Oil-Based vs. Alcohol-Based Leather Dyes

Just a quickie comparison illustrating how different dyes work on old saddle leather.

Sometimes old saddle leather is like mystery meat. Vegetable tanned, drum dyed, natural, calfskin, top grain, aniline, bonded, coated - sometimes it comes down to your best guess what you're really working with.

My go-to dye on older leather is Fiebing's Professional Oil Dye. I find it penetrates mature leather better and therefore the color is more evenly saturated. Because it penetrates older leather well, rub-off is reduced.

The biggest reason I don't use alcohol-based Fiebing's dye is the weird colors that show on the dyed surface. You get some greens, purples, blues… almost like oil droplets on the surface of water. These tend to build up crusty residues with heavier applications, with disappointing results. As the crusty colors build up, it seems to penetrate less and the intended color becomes more askew.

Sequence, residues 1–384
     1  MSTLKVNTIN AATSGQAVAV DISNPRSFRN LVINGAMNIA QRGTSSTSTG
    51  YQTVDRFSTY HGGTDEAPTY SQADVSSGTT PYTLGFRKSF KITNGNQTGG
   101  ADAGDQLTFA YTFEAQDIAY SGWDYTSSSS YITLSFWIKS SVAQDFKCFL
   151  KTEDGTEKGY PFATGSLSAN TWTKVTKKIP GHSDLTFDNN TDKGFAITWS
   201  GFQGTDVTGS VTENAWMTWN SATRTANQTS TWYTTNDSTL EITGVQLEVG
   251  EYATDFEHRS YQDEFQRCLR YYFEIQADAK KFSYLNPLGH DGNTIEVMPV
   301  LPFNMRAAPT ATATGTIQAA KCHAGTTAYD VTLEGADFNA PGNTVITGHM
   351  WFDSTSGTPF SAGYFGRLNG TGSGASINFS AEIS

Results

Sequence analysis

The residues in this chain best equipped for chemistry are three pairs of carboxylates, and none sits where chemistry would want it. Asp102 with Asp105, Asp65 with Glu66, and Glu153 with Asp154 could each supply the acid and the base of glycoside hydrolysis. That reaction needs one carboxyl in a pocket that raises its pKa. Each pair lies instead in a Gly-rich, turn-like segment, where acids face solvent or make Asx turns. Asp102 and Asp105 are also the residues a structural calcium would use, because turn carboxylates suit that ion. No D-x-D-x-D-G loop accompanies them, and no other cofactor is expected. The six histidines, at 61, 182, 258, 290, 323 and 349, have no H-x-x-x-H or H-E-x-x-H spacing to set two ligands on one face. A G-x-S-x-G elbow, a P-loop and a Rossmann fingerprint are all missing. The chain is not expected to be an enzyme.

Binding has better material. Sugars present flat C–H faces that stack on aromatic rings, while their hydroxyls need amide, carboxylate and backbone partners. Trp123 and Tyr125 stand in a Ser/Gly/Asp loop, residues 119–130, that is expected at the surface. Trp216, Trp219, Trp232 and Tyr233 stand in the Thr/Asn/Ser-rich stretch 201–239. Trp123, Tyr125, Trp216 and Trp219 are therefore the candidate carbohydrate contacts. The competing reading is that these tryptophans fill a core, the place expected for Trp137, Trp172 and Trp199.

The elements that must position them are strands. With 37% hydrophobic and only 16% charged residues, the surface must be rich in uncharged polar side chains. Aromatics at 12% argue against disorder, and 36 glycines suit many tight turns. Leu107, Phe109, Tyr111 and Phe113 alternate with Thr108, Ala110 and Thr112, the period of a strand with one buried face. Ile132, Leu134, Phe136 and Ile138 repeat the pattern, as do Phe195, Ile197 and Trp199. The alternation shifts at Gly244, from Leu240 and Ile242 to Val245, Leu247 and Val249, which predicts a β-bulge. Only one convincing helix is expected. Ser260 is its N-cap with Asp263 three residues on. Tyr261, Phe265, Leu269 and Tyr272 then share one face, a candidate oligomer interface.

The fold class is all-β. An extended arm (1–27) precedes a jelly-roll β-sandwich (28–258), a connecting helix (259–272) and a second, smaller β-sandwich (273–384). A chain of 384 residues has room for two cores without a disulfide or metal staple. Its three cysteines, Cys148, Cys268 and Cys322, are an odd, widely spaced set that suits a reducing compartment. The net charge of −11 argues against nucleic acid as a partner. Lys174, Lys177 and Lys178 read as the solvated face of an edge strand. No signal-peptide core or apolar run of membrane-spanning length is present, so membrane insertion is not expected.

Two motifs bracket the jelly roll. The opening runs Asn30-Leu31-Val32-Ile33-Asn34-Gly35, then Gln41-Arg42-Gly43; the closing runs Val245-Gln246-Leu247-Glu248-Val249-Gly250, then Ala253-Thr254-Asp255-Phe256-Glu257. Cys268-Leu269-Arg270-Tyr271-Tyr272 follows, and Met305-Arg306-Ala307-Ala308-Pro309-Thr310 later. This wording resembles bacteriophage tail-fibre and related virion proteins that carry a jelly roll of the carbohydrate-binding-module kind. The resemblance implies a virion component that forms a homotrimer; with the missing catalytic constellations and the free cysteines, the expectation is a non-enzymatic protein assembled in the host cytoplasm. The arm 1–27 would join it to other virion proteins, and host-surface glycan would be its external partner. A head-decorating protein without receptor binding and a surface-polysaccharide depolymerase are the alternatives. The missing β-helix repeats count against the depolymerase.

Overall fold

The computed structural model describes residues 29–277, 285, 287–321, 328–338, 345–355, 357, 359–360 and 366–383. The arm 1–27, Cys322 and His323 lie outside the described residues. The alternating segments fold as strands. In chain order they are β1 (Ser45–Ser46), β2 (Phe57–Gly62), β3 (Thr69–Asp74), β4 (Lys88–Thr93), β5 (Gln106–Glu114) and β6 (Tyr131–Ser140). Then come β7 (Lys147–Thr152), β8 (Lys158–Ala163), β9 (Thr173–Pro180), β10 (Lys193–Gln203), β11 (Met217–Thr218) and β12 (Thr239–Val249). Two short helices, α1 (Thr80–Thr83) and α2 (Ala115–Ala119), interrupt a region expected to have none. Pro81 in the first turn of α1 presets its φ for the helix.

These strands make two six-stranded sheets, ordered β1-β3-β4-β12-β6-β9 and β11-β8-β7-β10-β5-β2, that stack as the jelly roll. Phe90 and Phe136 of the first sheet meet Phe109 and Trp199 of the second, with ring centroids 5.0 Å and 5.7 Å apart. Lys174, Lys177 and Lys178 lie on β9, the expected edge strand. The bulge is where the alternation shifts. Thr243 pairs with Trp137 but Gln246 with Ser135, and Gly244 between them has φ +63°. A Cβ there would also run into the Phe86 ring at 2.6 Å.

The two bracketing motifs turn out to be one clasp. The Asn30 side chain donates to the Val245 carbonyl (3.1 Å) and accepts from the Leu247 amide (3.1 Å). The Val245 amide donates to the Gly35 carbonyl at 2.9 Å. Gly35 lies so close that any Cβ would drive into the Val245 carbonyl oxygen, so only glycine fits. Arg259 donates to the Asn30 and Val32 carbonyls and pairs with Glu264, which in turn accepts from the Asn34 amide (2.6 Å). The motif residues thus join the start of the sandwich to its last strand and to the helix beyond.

After applying regular Lincoln Shoe Dye in Navy (alchohol-based) on very light colored English bridle leather cavesson prepped with deglazer. Notice some maroon and metallic bronze highlights and other undesirable color characteristics. Definitely not navy blue, at least on the surface.

This saddle glows like radioactive waste after prepping with deglazer and application of alchohol-based dye. The multicolored surface had to be wiped down with deglazer to remove the color effects, then re-dyed with oil-based dye.
Alcohol-based dyes tend to leave the leather very dry and stiff, worse with each coat. This is particularly problematic when working with older leather, since it may already be compromised. I don't find this to be the case with oil-based dyes. I've found that on some pieces of older leather, it actually becomes softer and better conditioned after using oil-based dye.

Deglazed older Crosby saddle after applying the first coat of regular Fiebing's Professional Oil Dye in Black (oil-based). Notice the pure black color without the unwelcome tints. The blue highlights are actually from the reflection of my roll of painter's tape, which I used to mask off the hardware before dyeing.
Quite simply, I avoid alcohol-based leather dye for my projects. Other people may rave about it, swear by it, love it, and that's fine by me, but I prefer oil-based dyes for saddle-type leather because it gives me consistently better results.

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